Monday, December 27, 2010

The Clyde, a river of change.

From the Kingston Bridge we continued down the River Clyde towards the Clyde Arc bridge. It was completed in 2006 by Halcrow. It is a tied bowstring arch of steel box section, which supports a precast reinforced concrete deck. From this view, the Glasgow Tower (beyond the bridge) looked like an arrow set for launch from the Arc's bow!

The Arc crosses the Clyde at an angle and is therefore, quite logically, better known by its alternative name: the "Squinty Bridge". It was built to service the growing media centre which has developed on the south bank of the Clyde.

The tower of the University of Glasgow can be seen from the now empty Finnieston Quay. At one time it would have been lined with rows of ships, several deep, which would also have extended into the now filled in Queen's dock.

The Finnieston crane now stands motionless above the river. It is the furthest upstream of several Titan cantilever cranes on the Clyde. It was used to load steam railway locomotives from the Springburn locomotive works onto ships. At the height of its industrial power, Glasgow manufactured 25% of the World's railway locomotives.

The tower was built by Cowans, Sheldon of Carlisle, on piles by Sir Willam Arrol of Glagow and the cantilever was by the Cleveland Bridge and Engineering Company.

Continuing down the north bank and Finnieston Quay, we approached the Clyde Auditorium, which you will be unsurprised to learn, is popularly known as the "Armadillo". It was designed by Foster and Partners and built on the site of the now filled in Queen's dock.

The Glasgow Harbour Tunnel was built in 1896 and connects Finnieston Quay on the north to Plantation Quay on the south.  Two rotundas provided a lift down to two vehicle and one passenger tunnels. This is the Plantation rotunda the Finnieston rotunda is just to the east of the crane. The vehicle tunnels were closed in the mid 20th century but the passenger tunnel remained open until 1980. The tunnel was never a financial success as it faced strong competition from the Finnieston Ferry, which had an unusual lifting vehicle deck so that it could load and off load at a vertical quay side, regardless of the height of the tide. It started service in 189o and operated until 1966.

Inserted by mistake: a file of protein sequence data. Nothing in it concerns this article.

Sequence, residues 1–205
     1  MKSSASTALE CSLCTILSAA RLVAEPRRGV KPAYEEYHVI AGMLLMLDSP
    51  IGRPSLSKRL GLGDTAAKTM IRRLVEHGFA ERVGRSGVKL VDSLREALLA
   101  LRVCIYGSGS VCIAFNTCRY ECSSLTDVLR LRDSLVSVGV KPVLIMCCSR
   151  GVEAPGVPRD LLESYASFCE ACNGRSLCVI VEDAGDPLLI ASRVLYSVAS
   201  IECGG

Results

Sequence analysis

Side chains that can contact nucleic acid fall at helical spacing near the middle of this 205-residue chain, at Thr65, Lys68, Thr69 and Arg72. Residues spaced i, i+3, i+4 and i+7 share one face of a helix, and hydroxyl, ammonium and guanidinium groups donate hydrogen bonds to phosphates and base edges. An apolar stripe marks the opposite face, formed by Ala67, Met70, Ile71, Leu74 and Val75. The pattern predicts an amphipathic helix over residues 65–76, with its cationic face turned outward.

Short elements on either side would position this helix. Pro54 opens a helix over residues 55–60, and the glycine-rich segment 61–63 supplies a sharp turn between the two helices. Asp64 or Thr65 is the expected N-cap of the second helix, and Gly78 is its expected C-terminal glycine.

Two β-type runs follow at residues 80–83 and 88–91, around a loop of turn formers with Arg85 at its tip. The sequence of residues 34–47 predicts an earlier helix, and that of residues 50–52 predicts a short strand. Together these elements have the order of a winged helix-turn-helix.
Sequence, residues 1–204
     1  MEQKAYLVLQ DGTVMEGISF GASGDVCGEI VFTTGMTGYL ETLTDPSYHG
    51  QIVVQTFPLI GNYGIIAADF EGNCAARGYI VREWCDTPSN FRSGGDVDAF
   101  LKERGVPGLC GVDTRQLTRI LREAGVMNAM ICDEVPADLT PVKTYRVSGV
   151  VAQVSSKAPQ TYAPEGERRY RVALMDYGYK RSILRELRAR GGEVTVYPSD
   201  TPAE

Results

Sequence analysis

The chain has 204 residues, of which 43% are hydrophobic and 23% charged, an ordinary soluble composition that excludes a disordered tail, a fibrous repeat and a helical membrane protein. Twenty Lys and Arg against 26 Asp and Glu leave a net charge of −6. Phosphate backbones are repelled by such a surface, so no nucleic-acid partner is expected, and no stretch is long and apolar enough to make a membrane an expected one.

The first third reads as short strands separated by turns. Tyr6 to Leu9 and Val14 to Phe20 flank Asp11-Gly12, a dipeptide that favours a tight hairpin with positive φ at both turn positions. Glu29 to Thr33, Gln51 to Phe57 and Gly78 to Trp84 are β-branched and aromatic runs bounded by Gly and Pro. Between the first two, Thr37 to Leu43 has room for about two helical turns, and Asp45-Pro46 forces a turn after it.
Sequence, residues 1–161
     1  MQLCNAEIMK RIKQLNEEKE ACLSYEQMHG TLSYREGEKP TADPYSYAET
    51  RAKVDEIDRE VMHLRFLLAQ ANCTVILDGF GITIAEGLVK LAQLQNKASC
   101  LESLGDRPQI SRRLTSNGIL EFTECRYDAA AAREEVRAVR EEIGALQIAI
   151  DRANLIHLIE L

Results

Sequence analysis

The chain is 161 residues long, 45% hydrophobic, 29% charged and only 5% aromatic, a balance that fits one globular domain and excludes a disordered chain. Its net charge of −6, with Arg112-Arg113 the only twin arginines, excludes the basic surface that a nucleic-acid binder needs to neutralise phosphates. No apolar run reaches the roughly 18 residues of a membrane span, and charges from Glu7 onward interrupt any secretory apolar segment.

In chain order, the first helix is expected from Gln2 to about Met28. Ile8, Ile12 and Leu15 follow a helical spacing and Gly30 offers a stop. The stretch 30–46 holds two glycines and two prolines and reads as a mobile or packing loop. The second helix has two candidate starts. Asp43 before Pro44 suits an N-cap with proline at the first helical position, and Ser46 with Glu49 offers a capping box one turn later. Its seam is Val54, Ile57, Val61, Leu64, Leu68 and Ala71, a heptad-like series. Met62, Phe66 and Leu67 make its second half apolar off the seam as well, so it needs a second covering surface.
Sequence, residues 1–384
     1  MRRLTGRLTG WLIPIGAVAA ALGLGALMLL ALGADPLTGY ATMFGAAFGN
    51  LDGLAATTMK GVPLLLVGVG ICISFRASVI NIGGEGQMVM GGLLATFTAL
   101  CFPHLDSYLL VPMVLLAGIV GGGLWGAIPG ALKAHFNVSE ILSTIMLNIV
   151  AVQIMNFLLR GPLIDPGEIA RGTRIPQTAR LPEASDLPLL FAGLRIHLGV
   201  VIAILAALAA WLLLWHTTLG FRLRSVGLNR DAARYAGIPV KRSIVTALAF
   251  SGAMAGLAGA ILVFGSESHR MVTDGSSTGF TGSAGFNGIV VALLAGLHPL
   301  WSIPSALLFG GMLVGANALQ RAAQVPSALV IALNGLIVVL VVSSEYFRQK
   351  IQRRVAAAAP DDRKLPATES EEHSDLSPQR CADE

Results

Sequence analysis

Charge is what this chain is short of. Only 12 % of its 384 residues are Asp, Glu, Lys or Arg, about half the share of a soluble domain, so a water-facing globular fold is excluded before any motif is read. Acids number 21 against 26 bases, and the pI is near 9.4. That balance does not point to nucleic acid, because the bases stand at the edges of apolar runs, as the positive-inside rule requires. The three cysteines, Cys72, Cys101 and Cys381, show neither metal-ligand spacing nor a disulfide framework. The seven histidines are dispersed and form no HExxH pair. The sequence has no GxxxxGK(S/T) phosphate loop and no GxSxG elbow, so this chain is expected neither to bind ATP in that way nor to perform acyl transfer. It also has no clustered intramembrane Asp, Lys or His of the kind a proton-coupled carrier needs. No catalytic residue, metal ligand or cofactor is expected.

Plantation Quay on the south bank has been renamed Pacific Quay and is now the centre of Glasgow's Digital Media Quarter. This is the Scottish Television building.

Pacific Quay is now linked to Finnieston by two footbridges. The first, Bell's Bridge, was built in 1988 to service the Glasgow Garden Festival which took place on the filled three arms of Princes Dock, which lay behind Pacific Quay. Bell's Bridge was engineered by Crough and Hogg and its two main spans are supported by cable stays from a rotating pointed tower, which opens the bridge and allows bigger ships to pass through. Until 2001 the paddle steamer Waverley regularly went through the bridge to her berth at the Broomielaw but she now berths below the bridge at Pacific Quay.

Once through Bell's Bridge, our view of Pacific Quay was dominated by the BBC Scotland building, the Glasgow Science Centre and the Glasgow Tower. At 127m high, it is Scotland's tallest building. It has a teardrop cross section and rotates 360 degrees, so that its slimmest outline faces into the wind.

The curious bulbous building behind the Science Centre is Glasgow's IMAX cinema. So far it has avoided being called the "Glasgow Blob".

We now passed under the most recent of the City centre bridges. It is the Millennium Bridge completed in 2002 and engineered by MG Bennet Associates. It is built of steel lattice supporting a sheet steel deck. Hydraulic rams lift the two centre spans to allow vessels to get further up the Clyde.

One thing is for sure, this river city has changed out of all recognition over the last 3 decades and it is changing still!